Visualize goals to increase motivation
Achieve goals to improve self-esteem and
provide incentive for lifetime commitment to

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Mode of Exercise

The specific type of exercise to be performed

Can be classified by
High-impact exercises (puts more stress on joints)
Low-impact exercises (less stress on joints)

Due to the high correlation between high-impact exercise

and injury, low-impact modes are usually recommended
for fitness beginners

Examples of high-impact activities are

Running, basketball, some types of aerobic dance
Examples of low-impact activities are
Walking, cycling, swimming
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A brief period of exercise that precedes a

Usually light calisthenics or low-intensity
Often includes stretching
Designed to elevate muscle temperature and
increase blood flow to targeted muscles
Reduces potential strain on the heart that would
result from rapidly engaging in heavy exercise
May reduce the risk of muscle and tendon

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The Workout (Primary Conditioning Period)

Major components are frequency, intensity, and time/duration, known

as the FIT principle

Frequency = number of times per week you exercise

Recommended 35 times per week

Intensity = amount of physiological stress (overload) placed on the

Methods of measurement include heart rate, counting
repetitions, or degree of tension in a stretch

Time/duration = length of time actually performing exercise

Does not include warm-up or cool-down
30 minutes per exercise session (at 3+ sessions per week) is
minimum time necessary to improve fitness
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The Workout (Primary Conditioning Period)

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A 515 minute period of low-intensity exercise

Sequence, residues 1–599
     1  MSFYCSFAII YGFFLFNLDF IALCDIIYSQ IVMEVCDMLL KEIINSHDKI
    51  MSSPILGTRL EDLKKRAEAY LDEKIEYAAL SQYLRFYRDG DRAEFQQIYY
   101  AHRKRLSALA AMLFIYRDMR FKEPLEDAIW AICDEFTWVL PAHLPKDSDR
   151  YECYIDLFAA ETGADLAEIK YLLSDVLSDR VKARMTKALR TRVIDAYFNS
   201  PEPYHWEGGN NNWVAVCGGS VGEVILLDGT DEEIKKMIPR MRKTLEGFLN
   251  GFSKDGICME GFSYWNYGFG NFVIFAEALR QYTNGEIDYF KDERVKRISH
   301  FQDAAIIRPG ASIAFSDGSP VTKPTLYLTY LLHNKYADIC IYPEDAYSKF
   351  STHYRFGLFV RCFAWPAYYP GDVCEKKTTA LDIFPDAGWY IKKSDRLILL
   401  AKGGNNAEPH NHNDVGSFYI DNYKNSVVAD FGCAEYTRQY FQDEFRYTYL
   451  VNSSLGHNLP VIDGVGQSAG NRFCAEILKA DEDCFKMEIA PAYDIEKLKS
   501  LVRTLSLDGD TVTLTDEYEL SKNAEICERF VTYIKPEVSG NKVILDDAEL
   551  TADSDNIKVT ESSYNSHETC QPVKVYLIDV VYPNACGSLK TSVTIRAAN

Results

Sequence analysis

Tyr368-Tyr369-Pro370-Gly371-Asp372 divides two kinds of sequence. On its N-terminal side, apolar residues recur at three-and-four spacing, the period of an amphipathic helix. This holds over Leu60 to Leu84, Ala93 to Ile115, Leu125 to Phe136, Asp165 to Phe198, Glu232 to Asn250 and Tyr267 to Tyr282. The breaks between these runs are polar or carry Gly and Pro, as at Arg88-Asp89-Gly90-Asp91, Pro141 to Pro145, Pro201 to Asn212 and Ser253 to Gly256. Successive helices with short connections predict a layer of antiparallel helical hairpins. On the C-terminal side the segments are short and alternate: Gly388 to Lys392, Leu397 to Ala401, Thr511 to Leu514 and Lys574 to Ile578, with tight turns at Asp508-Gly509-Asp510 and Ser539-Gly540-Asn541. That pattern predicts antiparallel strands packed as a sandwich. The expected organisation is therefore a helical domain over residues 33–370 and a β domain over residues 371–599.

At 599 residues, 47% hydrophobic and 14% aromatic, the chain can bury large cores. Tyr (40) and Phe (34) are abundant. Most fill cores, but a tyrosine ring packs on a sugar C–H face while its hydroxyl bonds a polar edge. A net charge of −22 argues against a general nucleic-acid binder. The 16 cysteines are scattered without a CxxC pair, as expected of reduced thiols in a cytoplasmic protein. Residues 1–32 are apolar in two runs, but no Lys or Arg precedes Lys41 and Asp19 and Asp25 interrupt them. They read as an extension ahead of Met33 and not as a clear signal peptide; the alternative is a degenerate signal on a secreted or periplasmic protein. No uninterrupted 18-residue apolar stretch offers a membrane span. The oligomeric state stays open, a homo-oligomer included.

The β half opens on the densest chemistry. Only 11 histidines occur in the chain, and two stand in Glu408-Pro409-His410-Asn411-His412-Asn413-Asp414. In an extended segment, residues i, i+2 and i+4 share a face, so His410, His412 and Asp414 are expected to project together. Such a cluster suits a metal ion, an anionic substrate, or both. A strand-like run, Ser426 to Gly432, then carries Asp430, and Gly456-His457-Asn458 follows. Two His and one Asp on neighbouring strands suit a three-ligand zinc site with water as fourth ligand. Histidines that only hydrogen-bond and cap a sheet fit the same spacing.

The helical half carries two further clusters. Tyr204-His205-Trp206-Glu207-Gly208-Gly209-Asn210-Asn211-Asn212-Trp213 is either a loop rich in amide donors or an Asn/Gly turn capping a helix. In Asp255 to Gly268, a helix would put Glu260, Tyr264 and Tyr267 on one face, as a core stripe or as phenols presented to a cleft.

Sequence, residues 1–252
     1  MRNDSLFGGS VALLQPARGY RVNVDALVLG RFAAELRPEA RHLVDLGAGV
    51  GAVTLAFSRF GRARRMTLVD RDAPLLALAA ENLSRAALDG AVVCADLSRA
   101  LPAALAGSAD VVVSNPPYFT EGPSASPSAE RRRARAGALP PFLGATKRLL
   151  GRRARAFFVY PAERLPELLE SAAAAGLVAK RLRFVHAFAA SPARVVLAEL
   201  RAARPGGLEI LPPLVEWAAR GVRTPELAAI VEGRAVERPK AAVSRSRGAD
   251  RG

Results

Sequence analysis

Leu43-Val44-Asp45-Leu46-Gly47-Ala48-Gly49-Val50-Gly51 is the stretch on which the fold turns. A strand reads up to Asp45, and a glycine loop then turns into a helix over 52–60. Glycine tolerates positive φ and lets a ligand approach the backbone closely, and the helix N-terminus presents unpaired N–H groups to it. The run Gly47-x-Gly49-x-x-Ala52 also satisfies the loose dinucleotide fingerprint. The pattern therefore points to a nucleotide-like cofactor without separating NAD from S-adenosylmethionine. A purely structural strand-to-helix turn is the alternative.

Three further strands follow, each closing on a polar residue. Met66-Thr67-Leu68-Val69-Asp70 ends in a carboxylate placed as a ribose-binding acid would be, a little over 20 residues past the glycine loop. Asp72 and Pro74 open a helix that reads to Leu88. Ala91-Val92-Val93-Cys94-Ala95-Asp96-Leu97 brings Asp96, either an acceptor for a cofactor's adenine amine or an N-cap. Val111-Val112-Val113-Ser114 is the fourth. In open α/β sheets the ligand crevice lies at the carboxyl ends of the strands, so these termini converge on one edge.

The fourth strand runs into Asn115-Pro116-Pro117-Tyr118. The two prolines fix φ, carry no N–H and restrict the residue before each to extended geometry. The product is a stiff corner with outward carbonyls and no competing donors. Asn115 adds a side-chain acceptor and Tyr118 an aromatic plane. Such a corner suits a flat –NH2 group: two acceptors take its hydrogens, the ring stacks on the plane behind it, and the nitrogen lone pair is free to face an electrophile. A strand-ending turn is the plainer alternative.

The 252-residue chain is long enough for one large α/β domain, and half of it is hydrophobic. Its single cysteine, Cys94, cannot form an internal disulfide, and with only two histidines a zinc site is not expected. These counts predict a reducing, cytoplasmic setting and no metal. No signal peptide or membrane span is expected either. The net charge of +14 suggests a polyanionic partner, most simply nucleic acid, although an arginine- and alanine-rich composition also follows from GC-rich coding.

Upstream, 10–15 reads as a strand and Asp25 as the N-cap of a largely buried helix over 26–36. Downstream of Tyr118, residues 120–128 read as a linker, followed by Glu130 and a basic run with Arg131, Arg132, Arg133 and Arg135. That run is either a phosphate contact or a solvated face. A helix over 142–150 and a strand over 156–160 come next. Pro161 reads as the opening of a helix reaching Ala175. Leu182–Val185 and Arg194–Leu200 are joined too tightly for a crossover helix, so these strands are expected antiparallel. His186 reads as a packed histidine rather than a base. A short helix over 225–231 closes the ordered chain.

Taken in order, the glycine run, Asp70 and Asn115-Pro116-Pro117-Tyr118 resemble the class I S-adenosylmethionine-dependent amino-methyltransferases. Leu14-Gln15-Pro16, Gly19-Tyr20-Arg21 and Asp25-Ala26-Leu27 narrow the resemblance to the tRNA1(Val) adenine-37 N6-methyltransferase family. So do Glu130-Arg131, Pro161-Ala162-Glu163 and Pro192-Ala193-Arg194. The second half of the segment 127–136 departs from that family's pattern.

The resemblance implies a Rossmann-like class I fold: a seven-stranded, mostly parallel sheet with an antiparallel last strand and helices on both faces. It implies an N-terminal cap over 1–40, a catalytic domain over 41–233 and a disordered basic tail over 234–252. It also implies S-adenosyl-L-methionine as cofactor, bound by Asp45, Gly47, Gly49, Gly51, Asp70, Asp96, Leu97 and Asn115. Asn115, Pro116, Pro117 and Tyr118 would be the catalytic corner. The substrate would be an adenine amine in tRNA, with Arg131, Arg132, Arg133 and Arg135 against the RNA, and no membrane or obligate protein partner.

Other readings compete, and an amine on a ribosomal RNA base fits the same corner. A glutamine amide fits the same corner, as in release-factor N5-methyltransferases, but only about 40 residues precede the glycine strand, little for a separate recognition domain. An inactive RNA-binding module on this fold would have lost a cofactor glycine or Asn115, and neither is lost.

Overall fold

immediately following the workout

Lowers body temperature, and allows blood to return

from the muscles to the heart

Failure to redistribute the blood after intense exercising

may cause fainting or lightheadedness

Best method is to do low-intensity exercises using the

same muscle groups used in the workout

Example of a cool-down exercise: slow walking following

a running workout
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Personalizing Your Workout

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How Much Exercise Is Enough?

Threshold for health benefits: the minimum level of

exercise required to achieve significant health benefits

Most fitness experts agree on this formula to exceed the

threshold for health benefits and reduce all causes of
3060 minutes of moderate-to-high intensity exercise
performed 35 days per week

Current public health recommendations are lower,

recommending a minimum of 30 minutes of moderate-
intensity activity daily, although this dose of exercise may
not be adequate to prevent weight gain
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Relationship Between Physical Activity and
Improved Health Benefits

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Removing Barriers to Physical Activity

Four major barriers contribute to low levels of

Lack of time
Social and environmental influences
Inadequate resources
Lack of motivation/commitment
Most important barrier to establishing regular
exercise program
Lab 2.4 can assist you identifying/overcoming
personal barriers

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The overload principle is the most important principle of

exercise training
The principle of progression, specificity of exercise,
principle of recuperation, and reversibility of training
effects also play key roles in developing physical fitness
Components of an exercise prescription include fitness
goals, mode of activity, warm-up, workout, and cool-
All exercise programs should be individually tailored, and
should consider a person's age, overall health, current
fitness level, musculoskeletal condition and body
The threshold for health benefits is the minimum activity
level required to achieve significant health benefits
2014 Pearson Education, Inc.